Kometos in South Africa
South Africa has long traditions in commercial butcher operations and well-developed markets. However, there are still operators in the country, who do not cooperate with large slaughterhouses. Kometos slaughterhouses located in strategic areas would give operators such as communal producers cost savings on transportation and a better price.
South Africa is a mountainous country and is therefore excellent for animal husbandry. Livestock breeding accounts for more than 40% of total agricultural output and is thereby a significant employer. Meat is consumed regularly, as it is the most important source of protein. Pork consumption is low, but as a field of activity it is economically valuable. The demand for mutton is estimated to grow in the future.
“Meat producers have to sniff out the trends, adapt to changing consumer habits and bring the right products to the market at the right time. Other influencing factors are the climate, regional concentration and access to high-quality slaughterhouses,” lists an agent of Kometos, Neal de Beer.
De Beer has extensive experience in the meat industry of Zimbabwe and South Africa. He has participated in numerous process design projects and built many slaughtering, meat processing and cold storage premises in Zimbabwe and South Africa.
Livestock breeding as a development project
There are an estimated 430 functioning slaughterhouses in South Africa. Their operation is highly regulated and precise. 40% of slaughtering is carried out in category A slaughterhouses, where the output capacity can be virtually unlimited. The slaughterhouses are located close to grazing lands and operate in cooperation with livestock farmers.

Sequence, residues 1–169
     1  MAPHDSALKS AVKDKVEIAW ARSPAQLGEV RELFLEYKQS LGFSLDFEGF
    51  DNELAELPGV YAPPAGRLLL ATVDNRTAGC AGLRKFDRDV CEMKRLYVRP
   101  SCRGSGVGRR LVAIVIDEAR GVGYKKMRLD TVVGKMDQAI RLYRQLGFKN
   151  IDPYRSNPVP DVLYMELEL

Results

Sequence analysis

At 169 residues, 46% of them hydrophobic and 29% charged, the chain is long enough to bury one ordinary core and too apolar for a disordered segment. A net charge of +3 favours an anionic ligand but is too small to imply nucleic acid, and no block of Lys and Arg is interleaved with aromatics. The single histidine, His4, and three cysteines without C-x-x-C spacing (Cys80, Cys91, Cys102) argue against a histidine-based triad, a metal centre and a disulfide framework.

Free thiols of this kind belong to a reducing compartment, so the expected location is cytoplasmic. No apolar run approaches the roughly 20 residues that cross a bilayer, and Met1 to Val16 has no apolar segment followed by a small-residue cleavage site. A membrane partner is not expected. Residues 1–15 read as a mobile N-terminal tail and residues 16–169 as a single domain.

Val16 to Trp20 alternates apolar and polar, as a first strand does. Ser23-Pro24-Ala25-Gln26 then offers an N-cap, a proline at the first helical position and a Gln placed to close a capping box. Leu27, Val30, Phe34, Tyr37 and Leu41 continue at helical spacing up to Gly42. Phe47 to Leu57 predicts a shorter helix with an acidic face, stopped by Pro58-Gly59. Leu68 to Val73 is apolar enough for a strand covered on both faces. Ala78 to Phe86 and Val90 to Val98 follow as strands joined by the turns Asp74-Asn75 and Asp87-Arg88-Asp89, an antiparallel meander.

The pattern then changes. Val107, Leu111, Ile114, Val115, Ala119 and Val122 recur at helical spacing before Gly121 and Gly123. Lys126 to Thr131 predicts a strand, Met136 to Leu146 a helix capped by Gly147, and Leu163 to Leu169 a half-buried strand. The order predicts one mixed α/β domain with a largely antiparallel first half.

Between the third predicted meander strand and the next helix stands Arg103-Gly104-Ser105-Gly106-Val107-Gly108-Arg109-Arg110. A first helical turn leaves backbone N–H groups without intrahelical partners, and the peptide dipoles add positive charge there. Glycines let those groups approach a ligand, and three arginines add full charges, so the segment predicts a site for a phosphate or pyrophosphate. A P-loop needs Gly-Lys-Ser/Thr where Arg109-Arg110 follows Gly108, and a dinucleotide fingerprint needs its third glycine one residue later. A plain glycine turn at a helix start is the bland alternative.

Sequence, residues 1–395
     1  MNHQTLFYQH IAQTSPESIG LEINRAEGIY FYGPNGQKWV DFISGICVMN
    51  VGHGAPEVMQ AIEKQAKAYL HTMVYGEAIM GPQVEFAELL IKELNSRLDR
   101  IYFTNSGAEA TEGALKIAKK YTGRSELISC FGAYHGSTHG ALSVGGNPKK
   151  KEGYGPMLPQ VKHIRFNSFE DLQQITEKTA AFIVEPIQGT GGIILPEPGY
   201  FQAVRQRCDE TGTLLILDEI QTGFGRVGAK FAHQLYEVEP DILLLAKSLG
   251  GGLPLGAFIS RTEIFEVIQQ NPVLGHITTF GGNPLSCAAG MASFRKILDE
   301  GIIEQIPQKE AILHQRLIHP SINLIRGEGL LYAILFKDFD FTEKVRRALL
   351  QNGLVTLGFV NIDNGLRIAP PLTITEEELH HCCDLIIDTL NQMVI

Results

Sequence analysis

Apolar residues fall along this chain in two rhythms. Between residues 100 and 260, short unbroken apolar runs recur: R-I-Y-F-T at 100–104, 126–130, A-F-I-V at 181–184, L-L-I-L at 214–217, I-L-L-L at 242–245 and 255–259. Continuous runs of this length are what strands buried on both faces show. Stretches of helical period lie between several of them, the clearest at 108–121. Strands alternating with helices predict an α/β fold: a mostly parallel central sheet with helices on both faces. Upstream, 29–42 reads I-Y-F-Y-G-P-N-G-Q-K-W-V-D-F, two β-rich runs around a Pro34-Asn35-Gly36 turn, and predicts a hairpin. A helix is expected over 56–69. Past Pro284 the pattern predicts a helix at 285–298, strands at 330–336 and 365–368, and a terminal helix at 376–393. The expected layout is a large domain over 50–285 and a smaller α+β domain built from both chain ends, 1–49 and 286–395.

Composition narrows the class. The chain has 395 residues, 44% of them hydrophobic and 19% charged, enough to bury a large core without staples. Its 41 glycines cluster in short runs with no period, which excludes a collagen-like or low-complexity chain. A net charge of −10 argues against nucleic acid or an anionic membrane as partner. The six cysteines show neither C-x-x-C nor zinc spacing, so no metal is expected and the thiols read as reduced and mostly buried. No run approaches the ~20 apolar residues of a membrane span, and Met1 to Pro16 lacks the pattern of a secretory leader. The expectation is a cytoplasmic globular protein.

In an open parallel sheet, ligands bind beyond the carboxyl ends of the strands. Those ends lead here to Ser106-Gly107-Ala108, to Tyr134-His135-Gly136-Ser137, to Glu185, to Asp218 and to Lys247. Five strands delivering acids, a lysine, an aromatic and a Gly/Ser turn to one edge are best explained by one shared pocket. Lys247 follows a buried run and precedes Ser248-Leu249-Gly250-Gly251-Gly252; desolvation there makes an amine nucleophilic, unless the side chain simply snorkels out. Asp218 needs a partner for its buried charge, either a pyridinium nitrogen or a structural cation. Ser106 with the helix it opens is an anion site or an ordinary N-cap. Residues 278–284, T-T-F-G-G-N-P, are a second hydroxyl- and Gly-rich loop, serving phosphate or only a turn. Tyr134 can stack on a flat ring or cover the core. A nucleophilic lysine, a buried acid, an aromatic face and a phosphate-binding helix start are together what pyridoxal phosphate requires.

Well over a half of the 13.4 million bovine animals of the country are owned by commercial farmers. The rest of the animals belong to communal producers, who are also the target group of Kometos.
“The quantity of produced meat depends on a functioning infrastructure, such as feeding premises and slaughterhouses, and not so much on the quantity of livestock. The country has a highly developed road infrastructure, making it even possible to transport cattle and calves from one country to another,” tells de Beer.
Kometos products in high demand
In South Africa Kometos focuses on communal farmers, new operators and operators in the northern part of the country.
Part of the meat produced by nomads and indigenous people is slaughtered in farms and municipal areas partly for traditional reasons and partly on the grounds of cost. De Beer explains:
In South Africa there are many small and medium-size operators, who do not cooperate with large commercial slaughterhouses. Kometos slaughterhouses in strategic areas will make it possible to reduce meat transportation costs and the producers will be able to get a better price for their meat.
Locally the meat is bought by butcher shops, supermarkets, hotels, institutions, schools and restaurants.
Building from modules shortens the process
The strength of Kometos lies in slaughtering and processing plants, which are installed quickly and comply with EU standards. Kometos is the only operator, who can provide an economically viable mobile slaughterhouse that complies with national and regional requirements.
Kometos products radically shorten the time it takes to finish slaughterhouse projects in comparison to traditional building. As the plants are delivered in modules, less contractors are involved and the work gets done more quickly. This is a definite advantage for the buyer.
Want to learn more about Kometos slaughterhouse and meat processing facilities? Click here.